Graham principal Blakeley White-McGuire in costume for Cave of the Heart

At the 2015 Harkness Dance Festival at the 92nd Street Y in New York City, audiences can delve into the creation of Martha Graham’s Cave of the Heart. The Martha Graham Dance Company will perform March 13–15 as part of the festival’s Stripped/Dressed performance concept, designed to illuminate the creative process behind a piece before it is performed.

During the opening “stripped” portion of the evening, audience members will learn about Graham’s codified technique and the movement motifs she created for different characters in this retelling of the Greek myth of Medea. These could be useful discussions for aspiring dancemakers and modern dance students. Attendees can also explore the set pieces up close, designed by sculptor Isamu Noguchi.

Then, dancers get “dressed” and perform the work in its entirety. Other performers at this year’s Harkness Dance Festival have included Adam Barruch, The Bang Group and Vicky Shick Dance, with Sally Silvers still to come, March 20–22.

Additionally, K–12 teachers attending the Dance Education Lab (DEL)/Harkness Dance Festival Intensive take a four-hour master class the Saturday after each Friday-night performance to explore the choreographic strategies of each artist and make connections to NYC's Department of Education dance curriculum guidelines. More on that program here.

 Photo by Nathan Sayers for Dance Magazine

Natalia Markarova, center, in Howard's class. Photo by Victor Deliso, courtesy of Dance Magazine archives.

“I've always liked to question things," says renowned ballet teacher and coach David Howard. His success in training dancers, from adult beginners to seasoned ballerinas, is proof that Howard is asking the right questions. Never one to rest on his laurels, the master educator is also a tireless student of dance pedagogy. His teaching philosophy focuses on a scientific approach to movement, incorporating anatomy and kinesiology as well as movement dynamics and musicality.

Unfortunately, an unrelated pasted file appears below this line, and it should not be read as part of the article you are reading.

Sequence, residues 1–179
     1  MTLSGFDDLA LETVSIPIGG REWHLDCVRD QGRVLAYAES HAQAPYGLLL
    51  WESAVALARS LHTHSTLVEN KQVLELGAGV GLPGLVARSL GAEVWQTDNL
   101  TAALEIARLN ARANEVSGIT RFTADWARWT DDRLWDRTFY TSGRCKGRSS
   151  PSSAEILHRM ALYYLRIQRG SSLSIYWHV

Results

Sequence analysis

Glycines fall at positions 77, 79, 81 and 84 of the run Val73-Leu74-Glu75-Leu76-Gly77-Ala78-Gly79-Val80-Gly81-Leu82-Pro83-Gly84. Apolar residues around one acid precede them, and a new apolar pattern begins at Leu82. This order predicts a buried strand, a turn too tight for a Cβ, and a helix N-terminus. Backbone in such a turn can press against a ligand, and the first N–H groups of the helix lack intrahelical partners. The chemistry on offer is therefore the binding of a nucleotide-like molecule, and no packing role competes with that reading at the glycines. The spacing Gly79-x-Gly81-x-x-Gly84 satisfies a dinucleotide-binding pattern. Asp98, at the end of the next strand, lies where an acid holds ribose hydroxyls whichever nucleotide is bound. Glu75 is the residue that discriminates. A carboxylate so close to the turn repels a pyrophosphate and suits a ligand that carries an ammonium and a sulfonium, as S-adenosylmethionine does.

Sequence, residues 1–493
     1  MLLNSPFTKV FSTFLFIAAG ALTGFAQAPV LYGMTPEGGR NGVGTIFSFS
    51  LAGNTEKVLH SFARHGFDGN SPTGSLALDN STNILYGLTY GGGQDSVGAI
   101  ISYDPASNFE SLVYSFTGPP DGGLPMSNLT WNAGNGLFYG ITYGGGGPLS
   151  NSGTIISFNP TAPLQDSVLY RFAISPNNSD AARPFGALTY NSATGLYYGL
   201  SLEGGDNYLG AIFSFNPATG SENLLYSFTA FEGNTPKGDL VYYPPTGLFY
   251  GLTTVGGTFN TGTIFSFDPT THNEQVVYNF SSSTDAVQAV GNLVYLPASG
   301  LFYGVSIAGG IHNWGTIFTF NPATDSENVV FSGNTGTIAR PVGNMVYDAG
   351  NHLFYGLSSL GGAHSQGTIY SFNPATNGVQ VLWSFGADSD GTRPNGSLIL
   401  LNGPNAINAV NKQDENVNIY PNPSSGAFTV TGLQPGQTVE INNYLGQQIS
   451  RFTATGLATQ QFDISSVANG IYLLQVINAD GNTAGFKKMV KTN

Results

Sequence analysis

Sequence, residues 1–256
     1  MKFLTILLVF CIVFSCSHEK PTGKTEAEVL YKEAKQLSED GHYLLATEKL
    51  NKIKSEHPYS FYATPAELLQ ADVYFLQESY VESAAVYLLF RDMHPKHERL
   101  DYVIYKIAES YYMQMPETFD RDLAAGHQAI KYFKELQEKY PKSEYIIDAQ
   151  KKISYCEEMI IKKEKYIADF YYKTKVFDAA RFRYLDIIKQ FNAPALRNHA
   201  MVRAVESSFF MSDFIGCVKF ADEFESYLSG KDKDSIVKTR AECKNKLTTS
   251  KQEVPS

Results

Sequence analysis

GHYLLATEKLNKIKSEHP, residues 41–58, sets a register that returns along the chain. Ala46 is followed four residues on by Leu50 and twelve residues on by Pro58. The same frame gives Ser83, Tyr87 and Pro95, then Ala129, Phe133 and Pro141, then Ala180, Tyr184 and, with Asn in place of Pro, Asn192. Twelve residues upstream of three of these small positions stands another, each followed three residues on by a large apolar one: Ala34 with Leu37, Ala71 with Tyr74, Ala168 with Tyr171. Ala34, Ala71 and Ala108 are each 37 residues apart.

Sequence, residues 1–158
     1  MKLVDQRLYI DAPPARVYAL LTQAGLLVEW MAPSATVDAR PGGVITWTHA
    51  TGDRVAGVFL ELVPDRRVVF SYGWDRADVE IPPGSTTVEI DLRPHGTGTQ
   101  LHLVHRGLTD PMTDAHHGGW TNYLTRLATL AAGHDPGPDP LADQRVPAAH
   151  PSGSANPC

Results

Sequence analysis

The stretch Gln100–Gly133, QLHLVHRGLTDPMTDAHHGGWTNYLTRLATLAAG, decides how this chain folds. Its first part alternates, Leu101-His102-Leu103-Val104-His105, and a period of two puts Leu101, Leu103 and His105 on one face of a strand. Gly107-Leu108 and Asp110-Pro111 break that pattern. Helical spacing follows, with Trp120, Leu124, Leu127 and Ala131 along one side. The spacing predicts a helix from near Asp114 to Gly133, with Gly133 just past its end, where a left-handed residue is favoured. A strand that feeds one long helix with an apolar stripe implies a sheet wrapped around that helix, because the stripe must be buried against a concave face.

He doesn't hesitate to challenge the sanctity of the centuries-old traditions of ballet training: “I have to prove every day that I can do what I do, and then I have to reevaluate—is it working or isn't it? Do the students look better?"

In the five years since he has closed his school, the David Howard Dance Center, Howard has not skipped a beat. He has taught in England, Norway, Sweden, Denmark, Finland, Japan and Mexico, in addition to maintaining a busy teaching schedule in New York City at Broadway Dance Center, Steps on Broadway and at the Joffrey/New School University BFA program.

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